The mainstream treatments of RA include disease-modifying anti-rheumatic drugs (DMARDs). For those difficult-to-treat or DMARDs refractory RA patients, biologic agents such as anti-tumor necrosis factor-α (e.g., etanercept, adalimumab, golimumab, and certolizumab), anti-interleukin-6 (e.g., tocilizumab), anti-CD80/CD86 (e.g., abatacept), and JAK inhibitor (e.g., tofacitinib, baricitinib, and upadacitinib) should be considered. For the evaluation of biologics treatment response, the 28-joint disease activity score (DAS28)-ESR is commonly used for clinical assessment. The DAS28-ESR assesses the tender joint count of 28 joints (TJC, 0–28), the swollen joint count of 28 joints (SJC, 0–28), ESR (mm/h), and the patient global health (GH, 0–100 mm) and is calculated by the following formula: DAS28-ESR = 0.56 √(TJC) +0.28 √(SJC) + 0.70 Ln (ESR) + 0.014 (GH). A DAS28-ESR score <2.6 indicates clinical remission. Nevertheless, there are numerous potential confounders that influence DAS28-ESR scores, raising doubts about the use of this indicator. A tool to replace clinical assessment is therefore essential. Recent studies demonstrated that ultrasound detected more patients with RA relapse than did clinical assessment in terms of RA disease activities and treatments response of biologics.[5]

According to the policy of Taiwan's National Health Insurance Administration, clinically remitted RA patients after biologics should receive biologic dose reduction due to the concern of increased risk of serious infection and the enormous cost of long-term use.[6] Nonetheless, there are some RA patients who remain clinical remission after biologics dose reduction but not in image remission.[7] These groups of patients may not achieve true remission of RA and there is a clear need to titrate up the dose of biologics or modify medications. We had performed an ultrasound study at baseline before biologic dose reduction and at week 24 after dose reduction. We graded synovitis using the Outcome Measurement in Rheumatology Clinical Trials criteria and scored synovitis by grayscale (GS, scores 0–3, included both synovial hypertrophy and effusion) and power Doppler (PD, scores 0–3) status.[8] Total score (from 0 to 24) was the sum of the scores of eight joints (bilateral MCP2, MCP3, wrists, and elbows). Clinical relapse was defined as an increase in DAS28 of o1.2. GS ultrasound relapse was defined as an increase in total GS score of o2, and PD ultrasound relapse was defined as an increase in total PD score of o1 [Figure 1]. At week 24, the relapse rates of clinical, GS ultrasound, and PD ultrasound were 15.8%, 31.6%, and 63.2%, respectively [Figure 1].[9]{Figure 1}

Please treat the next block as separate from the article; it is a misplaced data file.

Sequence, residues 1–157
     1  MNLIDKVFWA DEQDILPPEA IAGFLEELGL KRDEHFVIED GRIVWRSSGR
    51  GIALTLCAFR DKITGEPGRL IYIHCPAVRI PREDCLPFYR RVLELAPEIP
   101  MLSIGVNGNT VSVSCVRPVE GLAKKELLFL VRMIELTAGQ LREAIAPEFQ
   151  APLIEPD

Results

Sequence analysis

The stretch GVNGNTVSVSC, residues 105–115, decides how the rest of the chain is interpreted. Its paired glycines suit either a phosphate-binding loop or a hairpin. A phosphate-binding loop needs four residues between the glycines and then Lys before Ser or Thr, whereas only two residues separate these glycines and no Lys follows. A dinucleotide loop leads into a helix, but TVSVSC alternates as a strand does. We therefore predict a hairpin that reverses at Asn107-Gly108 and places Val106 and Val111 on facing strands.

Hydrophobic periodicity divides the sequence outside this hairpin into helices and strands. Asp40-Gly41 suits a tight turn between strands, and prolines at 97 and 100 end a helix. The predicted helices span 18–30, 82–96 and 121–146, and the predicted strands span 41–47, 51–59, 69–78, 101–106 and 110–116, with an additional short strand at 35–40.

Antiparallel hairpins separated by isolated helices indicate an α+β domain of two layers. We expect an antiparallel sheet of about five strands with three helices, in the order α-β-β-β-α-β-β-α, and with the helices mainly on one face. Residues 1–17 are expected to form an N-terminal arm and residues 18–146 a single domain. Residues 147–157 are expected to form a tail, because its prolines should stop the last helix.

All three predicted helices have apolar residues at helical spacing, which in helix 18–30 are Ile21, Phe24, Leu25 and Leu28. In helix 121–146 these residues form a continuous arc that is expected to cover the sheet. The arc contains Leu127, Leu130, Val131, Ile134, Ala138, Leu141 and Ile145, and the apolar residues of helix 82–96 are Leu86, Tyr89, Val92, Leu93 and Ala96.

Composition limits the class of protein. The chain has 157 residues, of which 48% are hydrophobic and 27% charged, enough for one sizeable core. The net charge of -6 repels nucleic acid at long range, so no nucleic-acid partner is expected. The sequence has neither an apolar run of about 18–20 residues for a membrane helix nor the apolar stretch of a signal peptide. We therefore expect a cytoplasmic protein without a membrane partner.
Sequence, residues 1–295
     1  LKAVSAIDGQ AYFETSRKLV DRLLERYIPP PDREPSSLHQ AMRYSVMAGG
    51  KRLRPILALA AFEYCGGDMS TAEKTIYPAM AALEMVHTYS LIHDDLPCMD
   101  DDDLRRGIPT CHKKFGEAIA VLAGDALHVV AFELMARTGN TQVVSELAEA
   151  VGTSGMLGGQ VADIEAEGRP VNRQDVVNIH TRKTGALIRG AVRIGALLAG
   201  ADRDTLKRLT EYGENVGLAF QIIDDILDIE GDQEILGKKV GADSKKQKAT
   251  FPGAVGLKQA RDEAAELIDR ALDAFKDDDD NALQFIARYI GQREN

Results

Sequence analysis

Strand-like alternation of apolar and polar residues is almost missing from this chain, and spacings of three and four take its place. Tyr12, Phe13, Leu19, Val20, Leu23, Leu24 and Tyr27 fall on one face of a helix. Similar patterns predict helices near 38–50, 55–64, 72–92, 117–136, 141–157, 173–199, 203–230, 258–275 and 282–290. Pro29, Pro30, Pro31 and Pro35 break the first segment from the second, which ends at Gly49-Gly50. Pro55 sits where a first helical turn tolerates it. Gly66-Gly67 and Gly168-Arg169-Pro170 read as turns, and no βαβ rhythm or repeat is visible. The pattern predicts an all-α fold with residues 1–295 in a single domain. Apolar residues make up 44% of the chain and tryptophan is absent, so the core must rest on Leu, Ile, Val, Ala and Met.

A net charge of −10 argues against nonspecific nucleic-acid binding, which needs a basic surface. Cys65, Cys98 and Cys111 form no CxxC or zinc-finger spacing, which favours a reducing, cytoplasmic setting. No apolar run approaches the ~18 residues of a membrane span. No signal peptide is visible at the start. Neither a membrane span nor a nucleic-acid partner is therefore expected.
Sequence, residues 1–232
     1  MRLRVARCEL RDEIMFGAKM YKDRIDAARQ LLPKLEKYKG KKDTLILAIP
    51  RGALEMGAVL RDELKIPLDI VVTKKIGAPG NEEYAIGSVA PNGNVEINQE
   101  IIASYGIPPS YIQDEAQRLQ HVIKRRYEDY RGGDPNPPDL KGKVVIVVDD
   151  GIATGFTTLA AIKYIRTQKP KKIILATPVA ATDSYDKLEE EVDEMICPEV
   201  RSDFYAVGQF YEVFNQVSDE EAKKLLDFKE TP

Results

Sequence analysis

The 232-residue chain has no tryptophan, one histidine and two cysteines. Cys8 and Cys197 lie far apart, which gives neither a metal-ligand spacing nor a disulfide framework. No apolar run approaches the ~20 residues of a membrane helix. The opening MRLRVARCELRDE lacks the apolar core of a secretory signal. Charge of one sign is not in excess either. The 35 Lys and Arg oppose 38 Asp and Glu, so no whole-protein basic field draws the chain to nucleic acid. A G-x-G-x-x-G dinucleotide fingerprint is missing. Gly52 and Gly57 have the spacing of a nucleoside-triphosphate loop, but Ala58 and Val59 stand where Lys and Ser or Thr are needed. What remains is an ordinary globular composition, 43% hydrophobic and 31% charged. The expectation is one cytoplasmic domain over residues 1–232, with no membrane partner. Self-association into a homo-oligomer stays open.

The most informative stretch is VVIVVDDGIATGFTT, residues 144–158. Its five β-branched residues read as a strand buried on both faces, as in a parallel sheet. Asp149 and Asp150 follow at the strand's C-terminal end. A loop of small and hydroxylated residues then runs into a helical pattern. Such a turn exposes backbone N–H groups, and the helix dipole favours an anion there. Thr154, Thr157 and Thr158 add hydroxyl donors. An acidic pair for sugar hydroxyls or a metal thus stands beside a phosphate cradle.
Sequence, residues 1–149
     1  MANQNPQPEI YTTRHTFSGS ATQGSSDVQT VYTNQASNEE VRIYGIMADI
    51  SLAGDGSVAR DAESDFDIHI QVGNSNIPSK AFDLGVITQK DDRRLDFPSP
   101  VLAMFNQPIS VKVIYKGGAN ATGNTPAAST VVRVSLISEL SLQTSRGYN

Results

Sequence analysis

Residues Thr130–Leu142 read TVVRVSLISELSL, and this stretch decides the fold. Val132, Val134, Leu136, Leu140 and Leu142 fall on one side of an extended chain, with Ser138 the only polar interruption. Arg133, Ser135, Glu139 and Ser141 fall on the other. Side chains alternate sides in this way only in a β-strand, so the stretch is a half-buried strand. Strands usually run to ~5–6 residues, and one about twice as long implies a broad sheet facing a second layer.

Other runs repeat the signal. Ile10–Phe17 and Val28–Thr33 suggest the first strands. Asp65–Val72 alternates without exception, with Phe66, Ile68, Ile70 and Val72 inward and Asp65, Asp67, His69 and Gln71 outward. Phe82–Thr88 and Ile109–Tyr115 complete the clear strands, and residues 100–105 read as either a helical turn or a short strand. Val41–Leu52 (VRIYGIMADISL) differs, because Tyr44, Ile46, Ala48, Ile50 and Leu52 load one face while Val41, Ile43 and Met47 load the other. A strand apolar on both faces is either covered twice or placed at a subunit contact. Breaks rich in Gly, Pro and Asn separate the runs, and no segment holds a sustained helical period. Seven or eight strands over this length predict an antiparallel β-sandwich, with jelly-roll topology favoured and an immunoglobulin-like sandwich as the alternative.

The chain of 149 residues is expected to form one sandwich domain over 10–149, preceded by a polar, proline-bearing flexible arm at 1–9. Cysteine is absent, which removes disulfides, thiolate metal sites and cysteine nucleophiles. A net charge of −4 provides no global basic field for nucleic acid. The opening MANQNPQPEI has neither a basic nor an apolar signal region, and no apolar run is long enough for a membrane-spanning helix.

Based on the findings from previous studies and our results, it is feasible to use ultrasound to determine the treatment response of biologics in patients with RA and to facilitate the detection of occult inflammation after biologic dose reduction. Therefore, we can adjust the dose of biologics in RA patients who are clinically remitted but not image remitted to avoid joint deformity and future disability.

Financial support and sponsorship

Nil.

Conflicts of interest

There are no conflicts of interest.